Jon Rahm confirms switch to LIV Golf in $500m deal

Reigning Masters champion had previously ruled out switching to the Saudi Arabia-funded circuit

Jon Rahm, left, and LIV Golf commissioner and chief executive Greg Norman in New York. AP
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Two-time major winner Jon Rahm has confirmed that he is leaving the PGA Tour to join LIV Golf in what is reported to be a deal worth around $500 million.

The reigning Masters champion had previously ruled out jumping ship to the Saudi Arabia-funded circuit but has now made a U-turn in what is a huge boost to LIV golf – and a body blow for the PGA Tour.

The 29-year-old becomes the second current major champion on the LIV circuit after PGA Championship winner Brooks Koepka.

In a conference call on Thursday, Rahm looked to explain the reasons behind a decision which is set to again cause controversy within the sport.

“Every decision I feel like we make in life there will be somebody who agrees and likes it and somebody who doesn't, right,” Rahm said.

“I made this decision because I believe it's the best for me and my family and everybody I've been able to talk to has been really supportive of me, so I'm very comfortable with my decision.

“I'm no stranger to hearing some negative things on social media or in media. It's part of what it is, we're public figures but you just learn to deal with it right? This certainly won't define who I am or change who I am.”

He said he would keep private how much the deal was worth amid reports that put his compensation in the $500 million range, which likely would include equity in his new team. The PGA Tour's total purse in 2023 was about $460 million.

The development comes 25 days before the deadline for the PGA Tour and Saudi Arabia's Public Investment Fund try to finalise their June 6 agreement to become commercial partners in a for-profit enterprise, along with the European tour.

Talks have been going slowly, and Tiger Woods said last week there were a lot of moving parts. The biggest moving part turned out to be the 29-year-old Rahm, the No. 3 player in the world and a two-time major champion approaching his prime, being the latest to defect.

Rahm had been adamant that he has enough money and that he cares only about history and legacy. He recently said he “laughed” whenever he saw his name linked to LIV.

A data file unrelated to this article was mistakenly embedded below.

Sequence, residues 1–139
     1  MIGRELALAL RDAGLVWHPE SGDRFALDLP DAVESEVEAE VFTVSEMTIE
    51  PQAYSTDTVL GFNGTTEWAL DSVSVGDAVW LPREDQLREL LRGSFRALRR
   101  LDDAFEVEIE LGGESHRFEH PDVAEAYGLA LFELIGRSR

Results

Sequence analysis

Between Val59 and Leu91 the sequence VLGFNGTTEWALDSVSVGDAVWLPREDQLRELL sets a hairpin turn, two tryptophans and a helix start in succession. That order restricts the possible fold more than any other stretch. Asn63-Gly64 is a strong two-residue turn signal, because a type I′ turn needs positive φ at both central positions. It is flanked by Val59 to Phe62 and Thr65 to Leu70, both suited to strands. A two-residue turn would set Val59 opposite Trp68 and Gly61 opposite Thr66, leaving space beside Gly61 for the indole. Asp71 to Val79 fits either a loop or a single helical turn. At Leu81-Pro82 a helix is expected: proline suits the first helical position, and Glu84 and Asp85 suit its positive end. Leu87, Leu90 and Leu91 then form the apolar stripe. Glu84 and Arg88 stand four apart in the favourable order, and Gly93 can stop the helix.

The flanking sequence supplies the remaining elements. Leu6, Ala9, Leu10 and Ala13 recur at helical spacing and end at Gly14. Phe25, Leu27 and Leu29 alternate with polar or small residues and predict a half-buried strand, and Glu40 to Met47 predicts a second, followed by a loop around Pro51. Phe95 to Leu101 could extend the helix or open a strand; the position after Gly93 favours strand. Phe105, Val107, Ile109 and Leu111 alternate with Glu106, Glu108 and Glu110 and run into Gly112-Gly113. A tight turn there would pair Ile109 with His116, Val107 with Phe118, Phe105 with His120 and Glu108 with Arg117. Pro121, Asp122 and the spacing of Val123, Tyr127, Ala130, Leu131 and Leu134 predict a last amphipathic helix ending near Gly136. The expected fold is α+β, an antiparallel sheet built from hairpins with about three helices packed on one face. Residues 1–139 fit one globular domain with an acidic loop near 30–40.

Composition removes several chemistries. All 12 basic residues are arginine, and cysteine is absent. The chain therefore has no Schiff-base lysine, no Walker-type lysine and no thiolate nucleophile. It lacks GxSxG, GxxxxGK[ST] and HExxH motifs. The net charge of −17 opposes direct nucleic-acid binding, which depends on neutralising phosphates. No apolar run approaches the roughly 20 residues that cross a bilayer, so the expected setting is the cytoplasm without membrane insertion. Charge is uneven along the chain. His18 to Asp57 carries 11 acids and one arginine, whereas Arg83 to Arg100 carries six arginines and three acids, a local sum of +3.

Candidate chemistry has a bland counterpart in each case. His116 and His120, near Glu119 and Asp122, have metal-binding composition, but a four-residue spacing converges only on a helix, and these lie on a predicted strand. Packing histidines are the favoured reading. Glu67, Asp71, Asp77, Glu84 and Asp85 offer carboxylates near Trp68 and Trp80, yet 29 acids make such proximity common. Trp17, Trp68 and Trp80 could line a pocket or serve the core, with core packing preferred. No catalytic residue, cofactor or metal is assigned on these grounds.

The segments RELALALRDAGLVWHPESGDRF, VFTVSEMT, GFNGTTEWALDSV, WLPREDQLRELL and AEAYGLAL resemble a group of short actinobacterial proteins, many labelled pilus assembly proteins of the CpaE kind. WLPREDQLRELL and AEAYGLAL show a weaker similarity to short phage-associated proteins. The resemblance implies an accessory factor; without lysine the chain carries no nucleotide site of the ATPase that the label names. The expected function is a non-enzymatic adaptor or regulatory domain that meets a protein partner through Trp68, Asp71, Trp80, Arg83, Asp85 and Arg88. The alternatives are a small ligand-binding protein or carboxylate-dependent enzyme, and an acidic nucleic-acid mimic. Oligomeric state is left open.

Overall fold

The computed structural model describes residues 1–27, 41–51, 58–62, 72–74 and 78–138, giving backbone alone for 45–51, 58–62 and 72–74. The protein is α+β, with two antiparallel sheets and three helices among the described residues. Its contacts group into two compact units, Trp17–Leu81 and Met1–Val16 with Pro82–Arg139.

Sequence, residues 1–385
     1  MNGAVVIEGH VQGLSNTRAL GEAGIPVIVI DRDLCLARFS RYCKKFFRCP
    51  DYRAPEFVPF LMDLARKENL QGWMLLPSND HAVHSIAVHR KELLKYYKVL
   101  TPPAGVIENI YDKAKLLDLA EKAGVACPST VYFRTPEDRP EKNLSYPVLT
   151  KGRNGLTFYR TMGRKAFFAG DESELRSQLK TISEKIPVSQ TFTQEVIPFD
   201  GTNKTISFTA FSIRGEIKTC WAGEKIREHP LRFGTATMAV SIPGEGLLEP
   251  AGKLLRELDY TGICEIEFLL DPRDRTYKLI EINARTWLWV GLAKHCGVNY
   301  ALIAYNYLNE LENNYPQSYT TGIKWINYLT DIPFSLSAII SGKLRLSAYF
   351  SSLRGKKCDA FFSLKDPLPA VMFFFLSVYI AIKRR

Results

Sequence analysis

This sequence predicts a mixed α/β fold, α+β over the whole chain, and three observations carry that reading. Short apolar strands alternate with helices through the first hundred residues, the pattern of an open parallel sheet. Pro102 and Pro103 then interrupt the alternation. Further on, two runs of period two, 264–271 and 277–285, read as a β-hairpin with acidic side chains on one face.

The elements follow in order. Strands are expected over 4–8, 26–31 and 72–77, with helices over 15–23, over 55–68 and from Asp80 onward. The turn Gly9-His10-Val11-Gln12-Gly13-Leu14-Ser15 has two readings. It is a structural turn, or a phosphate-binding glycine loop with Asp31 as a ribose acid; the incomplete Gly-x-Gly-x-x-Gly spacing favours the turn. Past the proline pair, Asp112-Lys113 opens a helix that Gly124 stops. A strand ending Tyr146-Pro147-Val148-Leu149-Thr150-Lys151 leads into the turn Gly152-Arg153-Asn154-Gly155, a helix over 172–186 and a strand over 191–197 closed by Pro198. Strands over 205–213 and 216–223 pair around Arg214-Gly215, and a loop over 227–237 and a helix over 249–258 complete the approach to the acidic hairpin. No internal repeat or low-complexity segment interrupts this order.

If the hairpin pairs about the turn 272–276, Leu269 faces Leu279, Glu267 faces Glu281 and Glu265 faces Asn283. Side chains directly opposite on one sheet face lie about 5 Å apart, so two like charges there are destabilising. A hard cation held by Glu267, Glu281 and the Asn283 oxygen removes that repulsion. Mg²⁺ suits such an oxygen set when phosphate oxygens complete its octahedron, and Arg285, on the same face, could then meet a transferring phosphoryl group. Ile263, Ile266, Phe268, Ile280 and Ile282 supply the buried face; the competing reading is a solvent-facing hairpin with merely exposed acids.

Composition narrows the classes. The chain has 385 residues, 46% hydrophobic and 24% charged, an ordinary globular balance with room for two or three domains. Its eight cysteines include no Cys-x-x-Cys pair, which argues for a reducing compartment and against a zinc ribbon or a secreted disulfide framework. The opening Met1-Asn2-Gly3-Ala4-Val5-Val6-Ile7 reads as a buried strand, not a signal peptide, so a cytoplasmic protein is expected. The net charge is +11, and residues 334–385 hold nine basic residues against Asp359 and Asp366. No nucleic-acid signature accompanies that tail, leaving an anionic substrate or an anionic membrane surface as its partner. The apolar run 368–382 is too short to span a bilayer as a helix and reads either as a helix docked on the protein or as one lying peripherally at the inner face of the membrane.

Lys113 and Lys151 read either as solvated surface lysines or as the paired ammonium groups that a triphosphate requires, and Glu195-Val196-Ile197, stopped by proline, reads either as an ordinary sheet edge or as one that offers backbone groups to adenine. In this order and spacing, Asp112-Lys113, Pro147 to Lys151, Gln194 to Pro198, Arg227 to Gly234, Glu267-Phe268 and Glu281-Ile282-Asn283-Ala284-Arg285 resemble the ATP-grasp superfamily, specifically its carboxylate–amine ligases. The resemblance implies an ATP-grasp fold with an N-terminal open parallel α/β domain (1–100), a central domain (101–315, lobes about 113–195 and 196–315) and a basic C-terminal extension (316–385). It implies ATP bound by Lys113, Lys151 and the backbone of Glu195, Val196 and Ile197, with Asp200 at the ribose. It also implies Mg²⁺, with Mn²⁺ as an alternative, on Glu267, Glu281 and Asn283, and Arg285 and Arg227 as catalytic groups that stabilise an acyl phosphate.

“It was a great offer. The money is great, obviously it's wonderful,” Rahm said. “But what I said before is true: I do not play golf for the money.

“I play golf for the love of the game and for the love of golf. But, as a husband, as a father and as a family man I have a duty to my family to give them the best opportunities and the most amount of resources possible and that is where that comes in.”

He remains eligible for the majors for the next five years – the Masters for life, the US Open until 2031. Still to be determined is how the move affects his eligibility for the Ryder Cup.

Rahm played a leading role in Europe's Ryder Cup victory in Rome this year – but joining LIV places his future in the contest in serious jeopardy as he needs to remain a DP World Tour member to be eligible.

Former LIV player Bernd Wiesberger recently rejoined the DP World Tour, but only after paying hefty fines and serving a lengthy suspension.

On his Ryder Cup future, Rahm said in the conference call: “My position with the Ryder Cup stands as it's always been. I love the Ryder Cup.

“I've explained many times how meaningful it is to me and I surely hope I can be in future editions of the Ryder Cup.

“That's not up to me right now, but if it was up to me, I'll be eligible to play so I surely hope I can keep up the good golf, keep playing good golf and give them a reason to have me on the team.”

“It's a big risk to take, but I've had it in consideration and again, I'm hopeful that I can be part of the team again.”

Updated: December 08, 2023, 12:11 PM